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Date:   Fri, 1 Mar 2019 11:28:26 +0900
From:   Masami Hiramatsu <>
To:     Joel Fernandes <>
        Andrew Morton <>,,,,
        Dan Williams <>,, Guenter Roeck <>,
        Jonathan Corbet <>,,
        Kees Cook <>,,,,,
        Manoj Rao <>,
        Masahiro Yamada <>,,
        "Peter Zijlstra (Intel)" <>,,,,
        Shuah Khan <>,
        Thomas Gleixner <>,
Subject: Re: [PATCH v3 1/2] Provide in-kernel headers for making it easy to
 extend the kernel

Hi Joel,

On Thu, 28 Feb 2019 10:00:54 -0500
Joel Fernandes <> wrote:

> > Hmm, isn't it easier to add kernel-headers package on Android?
> I have already been down that road. In the Android ecosystem, the Android
> teams only provide a "userspace system image" which goes on the system
> partition of the flash (and a couple other images are also provided but
> system is the main one). The system image cannot contain GPL source code. It
> is also not possible to put kernel headers for every kernel version on the
> system images that ship and is not practical. Android boots on 1000s of forked
> kernels. It does not make sense to provide headers on the system image for
> every kernel version and I already had many discussions on the subject with
> the teams, it is something that is just not done. Now for kernel modules,
> there's another image called the "vendor image" which is flashed onto the
> vendor parition, this is where kernel modules go.  This vendor image is not
> provided by Google for non-Pixel devices. So we have no control over what
> goes there BUT we do know that kernel modules that are enabled will go there,
> and we do have control over enforcing that certain kernel modules should be
> built and available as they are mandatory for Android to function properly.
> We would also possibly make it a built-in option as well. Anyway my point is
> keeping it in the kernel is really the easiest and the smartest choice IMO.

Sorry, I'm not convinced yet. This sounds like "because Android decided not
to put the header files on vendor partition, but kernel module is OK"
Why don't google ask vendors to put their kernel headers (or header tarball)
on vendor partition instead?

> > > The feature is also buildable as a module just in case the user desires
> > > it not being part of the kernel image. This makes it possible to load
> > > and unload the headers on demand. A tracing program, or a kernel module
> > > builder can load the module, do its operations, and then unload the
> > > module to save kernel memory. The total memory needed is 3.8MB.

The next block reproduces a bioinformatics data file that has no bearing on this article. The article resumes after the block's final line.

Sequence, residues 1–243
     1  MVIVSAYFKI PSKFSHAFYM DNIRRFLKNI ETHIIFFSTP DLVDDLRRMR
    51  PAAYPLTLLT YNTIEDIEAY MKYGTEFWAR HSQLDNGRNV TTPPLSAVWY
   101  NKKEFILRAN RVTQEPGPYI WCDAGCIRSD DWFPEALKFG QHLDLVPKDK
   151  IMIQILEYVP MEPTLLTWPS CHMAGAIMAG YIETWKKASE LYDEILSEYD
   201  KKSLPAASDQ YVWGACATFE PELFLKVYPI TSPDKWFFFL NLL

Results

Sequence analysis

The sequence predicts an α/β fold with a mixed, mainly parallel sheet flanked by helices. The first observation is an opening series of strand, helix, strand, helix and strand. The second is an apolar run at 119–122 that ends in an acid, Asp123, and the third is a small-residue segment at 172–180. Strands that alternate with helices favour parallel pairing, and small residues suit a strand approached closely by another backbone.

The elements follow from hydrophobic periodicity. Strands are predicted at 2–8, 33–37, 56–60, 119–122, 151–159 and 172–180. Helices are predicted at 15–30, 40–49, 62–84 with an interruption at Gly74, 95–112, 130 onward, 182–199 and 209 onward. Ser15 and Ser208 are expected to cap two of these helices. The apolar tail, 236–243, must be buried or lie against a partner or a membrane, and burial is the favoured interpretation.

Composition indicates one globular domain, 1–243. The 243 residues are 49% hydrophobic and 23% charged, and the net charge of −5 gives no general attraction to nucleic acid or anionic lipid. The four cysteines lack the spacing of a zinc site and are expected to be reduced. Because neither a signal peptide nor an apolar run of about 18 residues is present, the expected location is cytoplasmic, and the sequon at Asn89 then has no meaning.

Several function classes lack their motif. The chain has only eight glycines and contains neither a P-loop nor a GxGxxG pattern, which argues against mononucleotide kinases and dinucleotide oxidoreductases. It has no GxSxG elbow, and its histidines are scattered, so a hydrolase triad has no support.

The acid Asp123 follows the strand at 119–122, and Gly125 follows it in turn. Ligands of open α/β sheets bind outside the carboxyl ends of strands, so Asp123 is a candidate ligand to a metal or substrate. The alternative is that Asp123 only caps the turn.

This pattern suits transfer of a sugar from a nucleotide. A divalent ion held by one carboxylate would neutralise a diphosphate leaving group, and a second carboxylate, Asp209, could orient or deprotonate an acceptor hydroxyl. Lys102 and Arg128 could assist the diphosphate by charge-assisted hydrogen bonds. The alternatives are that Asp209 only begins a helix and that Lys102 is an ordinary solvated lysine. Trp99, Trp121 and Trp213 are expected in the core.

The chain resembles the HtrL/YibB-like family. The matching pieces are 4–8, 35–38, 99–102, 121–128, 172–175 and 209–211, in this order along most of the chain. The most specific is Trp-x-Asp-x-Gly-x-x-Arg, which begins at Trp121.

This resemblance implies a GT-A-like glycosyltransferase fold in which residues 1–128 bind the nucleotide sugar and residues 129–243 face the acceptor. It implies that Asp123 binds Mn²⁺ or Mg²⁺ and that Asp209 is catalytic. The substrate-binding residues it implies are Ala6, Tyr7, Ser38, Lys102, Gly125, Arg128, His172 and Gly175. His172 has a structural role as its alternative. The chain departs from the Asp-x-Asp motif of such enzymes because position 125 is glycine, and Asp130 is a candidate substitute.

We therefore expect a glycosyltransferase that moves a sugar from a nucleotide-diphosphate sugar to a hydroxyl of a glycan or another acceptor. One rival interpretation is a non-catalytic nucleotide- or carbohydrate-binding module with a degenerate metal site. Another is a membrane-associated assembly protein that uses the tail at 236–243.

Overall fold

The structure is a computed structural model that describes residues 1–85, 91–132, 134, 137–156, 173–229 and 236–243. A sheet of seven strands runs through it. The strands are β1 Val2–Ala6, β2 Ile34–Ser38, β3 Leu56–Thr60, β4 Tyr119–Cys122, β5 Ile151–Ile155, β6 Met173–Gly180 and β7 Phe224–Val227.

> > 
> > But it also requires to install build environment (tools etc.)
> > on the target system...
> Yes, that's true. Check the other thread with Masahiro that we are discussing
> this point on and let us continue discussing there:
> > > The code to read the headers is based on /proc/config.gz code and uses
> > > the same technique to embed the headers.
> > > 
> > > To build a module, the below steps have been tested on an x86 machine:
> > > modprobe kheaders
> > > rm -rf $HOME/headers
> > > mkdir -p $HOME/headers
> > > tar -xvf /proc/kheaders.tar.xz -C $HOME/headers >/dev/null
> > > cd my-kernel-module
> > > make -C $HOME/headers M=$(pwd) modules
> > > rmmod kheaders
> > 
> > It seems a bit complex, but no difference from compared with carrying
> > kheaders.tar.gz. I think we would better have a psudo filesystem
> > which can mount this compressed header file directly :) Then it becomes
> > simpler, like
> > 
> > modprobe headerfs
> > mkdir $HOME/headers
> > mount -t headerfs $HOME/headers
> > 
> > And this doesn't consume any disk-space.
> I felt using a compressed tar is really the easiest way because of all the
> tools are already available.

As I asked above, if the pure tarball is useful, you can simply ask vendors
to put the header tarball on their vendor directory. I feel making it as
a module is not a right way.

> There isn't a compressed in-ram filesystem right
> now that I'm aware off that can achieve the kind of high compression ratio
> this patchset does.

I think if linux can support something like tarfs(or compressed initramfs)
in kernel, it gives linux an improvement not only a hack. :-)

Thank you,

Masami Hiramatsu <>

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